During these years that your family member is immersed in school, make the most of the support they have to focus on emerging independent living skills, employment opportunities, and connections to your community. Typically, after age 21, school activities and school based services end. It is important to learn as much as you can about the road ahead so that you can begin to prepare your family member for a full life after school.
Although transition planning officially begins at age 16, you can start planning for life after school early as 14. In fact, many families recommend this as early as possible. Even with state and federal laws to ensure your family member’s right to an education, it’s important to speak up and ensure that their needs are being met.
To help you get the lay of the land, watch Navigating Your Way, Ages Fourteen to Twenty One for a bird’s eye view of services, supports and resources for this stage of life.
[If you have seen the video before and wish to skip the introduction, jump ahead to the :53 second mark.]
Resources 14-21 (PDF)
This four-page High School Transition Toolkit provides:
- A Star Form to help identify supports to reach a student’s transition goals.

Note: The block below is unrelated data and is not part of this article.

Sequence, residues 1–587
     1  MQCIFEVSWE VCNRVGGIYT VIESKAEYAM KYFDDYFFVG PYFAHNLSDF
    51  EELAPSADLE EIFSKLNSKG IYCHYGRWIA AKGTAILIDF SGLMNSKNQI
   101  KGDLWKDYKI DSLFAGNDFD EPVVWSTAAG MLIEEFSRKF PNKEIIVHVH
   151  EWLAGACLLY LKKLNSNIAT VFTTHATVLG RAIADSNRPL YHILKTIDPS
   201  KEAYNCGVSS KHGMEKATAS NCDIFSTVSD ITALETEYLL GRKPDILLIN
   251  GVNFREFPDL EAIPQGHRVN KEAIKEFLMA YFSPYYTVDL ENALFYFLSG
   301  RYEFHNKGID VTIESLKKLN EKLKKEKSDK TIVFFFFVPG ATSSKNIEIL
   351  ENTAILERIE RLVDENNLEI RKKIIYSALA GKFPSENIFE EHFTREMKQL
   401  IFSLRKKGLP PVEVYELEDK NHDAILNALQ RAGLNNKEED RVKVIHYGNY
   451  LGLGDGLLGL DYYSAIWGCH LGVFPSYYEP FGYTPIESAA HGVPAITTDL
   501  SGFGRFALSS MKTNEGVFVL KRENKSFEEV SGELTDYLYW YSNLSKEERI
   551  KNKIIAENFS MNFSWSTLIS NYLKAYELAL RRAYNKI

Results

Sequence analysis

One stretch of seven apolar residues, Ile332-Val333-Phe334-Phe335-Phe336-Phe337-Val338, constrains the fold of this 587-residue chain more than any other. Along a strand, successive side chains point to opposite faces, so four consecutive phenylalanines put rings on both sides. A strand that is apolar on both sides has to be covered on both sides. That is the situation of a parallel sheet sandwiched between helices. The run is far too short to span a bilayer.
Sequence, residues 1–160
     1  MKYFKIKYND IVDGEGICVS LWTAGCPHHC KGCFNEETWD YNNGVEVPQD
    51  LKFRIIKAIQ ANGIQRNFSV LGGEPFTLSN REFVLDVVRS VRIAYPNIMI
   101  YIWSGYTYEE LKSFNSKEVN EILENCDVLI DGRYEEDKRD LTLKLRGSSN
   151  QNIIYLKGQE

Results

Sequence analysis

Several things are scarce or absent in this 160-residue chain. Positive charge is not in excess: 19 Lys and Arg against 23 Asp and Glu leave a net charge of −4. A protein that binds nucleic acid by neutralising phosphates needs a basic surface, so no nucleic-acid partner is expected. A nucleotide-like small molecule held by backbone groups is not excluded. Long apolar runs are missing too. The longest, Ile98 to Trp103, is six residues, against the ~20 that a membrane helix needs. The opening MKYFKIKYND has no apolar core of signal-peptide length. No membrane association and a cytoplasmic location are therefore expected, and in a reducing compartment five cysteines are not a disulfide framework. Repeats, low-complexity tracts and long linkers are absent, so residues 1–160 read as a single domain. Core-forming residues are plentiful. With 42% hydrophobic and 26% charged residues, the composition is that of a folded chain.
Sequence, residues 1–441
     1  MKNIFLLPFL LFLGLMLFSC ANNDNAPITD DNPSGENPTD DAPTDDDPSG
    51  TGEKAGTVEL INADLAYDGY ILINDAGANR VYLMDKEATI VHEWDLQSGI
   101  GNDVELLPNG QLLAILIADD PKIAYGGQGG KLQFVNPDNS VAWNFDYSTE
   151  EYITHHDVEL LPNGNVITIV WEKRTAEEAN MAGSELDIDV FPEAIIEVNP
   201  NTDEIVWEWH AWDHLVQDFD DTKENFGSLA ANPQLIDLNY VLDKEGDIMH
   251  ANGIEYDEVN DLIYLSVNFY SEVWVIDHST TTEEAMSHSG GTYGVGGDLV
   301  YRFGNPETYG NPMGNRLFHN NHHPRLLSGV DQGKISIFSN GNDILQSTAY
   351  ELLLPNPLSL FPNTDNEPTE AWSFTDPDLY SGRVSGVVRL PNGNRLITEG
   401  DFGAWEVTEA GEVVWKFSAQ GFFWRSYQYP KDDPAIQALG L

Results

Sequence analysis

- Tips for transition planning and goal setting.
- Transition timeline of things to do from age 14-21.
- Transition checklist of skills, activities, and services when creating your child’s high school transition plan for his/her IEP.
- Ways to gain job skills during high school.
- Resources for post-secondary education.
Available in English and Spanish. Print and electronic format. Click here to order or download your copy.
- Ages 14-21: Planning Ahead
- Ages 14-21: Resources
- Ages 14-21: Transition Planning Checklist
- Ages 14-21: Employment
- Ages 14-21: Post-Secondary Education & Vocational Training
- Ages 14-21: WA State Skills Centers
- Ages 14-21: High School Transition Programs
- Ages 14-21: DVR, DDA and Employment Services
- Ages 14-21: Transition Timeline
- Ages 14-21: Advocacy & Self-Advocacy